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Currently health care organizations can and do assign proprietary identifiers to identify health care providers, employers, health plans and individuals. The issues surrounding the use of non-standard or proprietary identifiers are similar to those the Federal government identified for non-standard electronic health care transactions. Lack of standardization has lead to system incompatibilities, administrative inefficiencies and accuracy problems.

Regulations for National Provider and National Employer Identifiers are still in the proposed rule stage and have not been finalized. The National Health Plan Identifier is in the rule development stage, and to date, the Individual Identifier has been placed on hold.

National Provider Identifier

Under a proposed standard related to EDI (electronic data interchange) formats, National Provider Identifiers (NPI) would be assigned to all providers and used by both public and private health plans. As proposed in the Federal standard, NPIs would be used by all health organizations that conduct HIPAA-specific electronic transactions.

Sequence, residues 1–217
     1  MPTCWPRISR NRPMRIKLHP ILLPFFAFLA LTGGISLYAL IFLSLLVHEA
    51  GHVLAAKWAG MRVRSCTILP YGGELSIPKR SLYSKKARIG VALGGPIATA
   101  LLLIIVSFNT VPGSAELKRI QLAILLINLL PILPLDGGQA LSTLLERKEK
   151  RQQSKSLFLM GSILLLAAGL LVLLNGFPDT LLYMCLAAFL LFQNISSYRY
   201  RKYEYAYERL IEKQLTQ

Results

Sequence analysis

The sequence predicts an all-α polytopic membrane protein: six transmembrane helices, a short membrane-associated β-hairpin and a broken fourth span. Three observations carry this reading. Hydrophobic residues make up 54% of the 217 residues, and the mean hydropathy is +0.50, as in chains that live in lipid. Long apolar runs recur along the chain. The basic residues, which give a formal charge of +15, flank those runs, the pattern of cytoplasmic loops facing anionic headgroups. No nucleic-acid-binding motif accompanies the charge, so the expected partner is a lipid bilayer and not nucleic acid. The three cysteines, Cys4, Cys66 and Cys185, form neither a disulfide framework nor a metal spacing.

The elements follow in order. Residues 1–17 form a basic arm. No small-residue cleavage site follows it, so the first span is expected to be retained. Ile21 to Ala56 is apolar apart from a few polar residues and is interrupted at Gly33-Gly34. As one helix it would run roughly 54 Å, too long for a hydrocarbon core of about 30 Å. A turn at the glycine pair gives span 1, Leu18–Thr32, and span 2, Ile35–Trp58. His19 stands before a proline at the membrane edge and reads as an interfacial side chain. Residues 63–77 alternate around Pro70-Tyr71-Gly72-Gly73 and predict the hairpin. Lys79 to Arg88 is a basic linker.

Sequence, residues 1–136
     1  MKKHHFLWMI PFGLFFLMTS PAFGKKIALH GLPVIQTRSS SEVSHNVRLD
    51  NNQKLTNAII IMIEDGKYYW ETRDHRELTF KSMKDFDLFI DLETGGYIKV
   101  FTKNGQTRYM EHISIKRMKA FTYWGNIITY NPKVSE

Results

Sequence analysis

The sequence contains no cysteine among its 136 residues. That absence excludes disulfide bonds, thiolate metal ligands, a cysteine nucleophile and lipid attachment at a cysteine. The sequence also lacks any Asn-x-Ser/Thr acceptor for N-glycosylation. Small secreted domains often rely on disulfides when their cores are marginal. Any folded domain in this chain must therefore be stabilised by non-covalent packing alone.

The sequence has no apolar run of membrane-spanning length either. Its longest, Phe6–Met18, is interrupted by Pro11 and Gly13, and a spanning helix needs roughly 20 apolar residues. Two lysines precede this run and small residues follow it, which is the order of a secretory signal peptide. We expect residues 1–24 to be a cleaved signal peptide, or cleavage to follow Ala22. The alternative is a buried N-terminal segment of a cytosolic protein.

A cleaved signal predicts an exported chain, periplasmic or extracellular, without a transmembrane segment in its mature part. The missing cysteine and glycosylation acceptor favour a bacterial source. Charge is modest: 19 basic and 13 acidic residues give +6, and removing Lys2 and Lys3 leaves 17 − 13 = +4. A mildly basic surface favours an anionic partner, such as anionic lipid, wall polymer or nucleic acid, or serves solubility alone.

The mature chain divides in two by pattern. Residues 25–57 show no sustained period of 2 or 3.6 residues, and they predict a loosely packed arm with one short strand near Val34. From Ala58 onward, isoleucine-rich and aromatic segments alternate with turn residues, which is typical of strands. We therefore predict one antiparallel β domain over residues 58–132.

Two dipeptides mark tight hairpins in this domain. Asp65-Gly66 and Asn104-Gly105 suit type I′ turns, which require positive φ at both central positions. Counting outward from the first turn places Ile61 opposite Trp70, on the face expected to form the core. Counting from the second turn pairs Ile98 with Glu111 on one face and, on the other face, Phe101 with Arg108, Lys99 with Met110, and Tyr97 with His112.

The NPI was proposed as an 8-digit alphanumeric identifier. However, many commenters on the proposed rule prefer a 10-digit numeric identifier. Finalization of the specifications are expected in the near future.

National Employer Identifier

Employers frequently also have to be identified in electronic health care transactions. The adoption of the Employer Identification Number (EIN) as the standard unique identifier for employers in the filing and processing of health care claims and other transactions became effective July 30, 2002.

The EIN is issued and maintained by the Internal Revenue Service (IRS). Businesses that pay wages to employees already have EINs. The identifier has nine digits with the first two digits separated by a hypen as follows: 00-0000000.

The US Department of Health and Human Services website contains additional information and frequently asked questions about the various identifiers rules.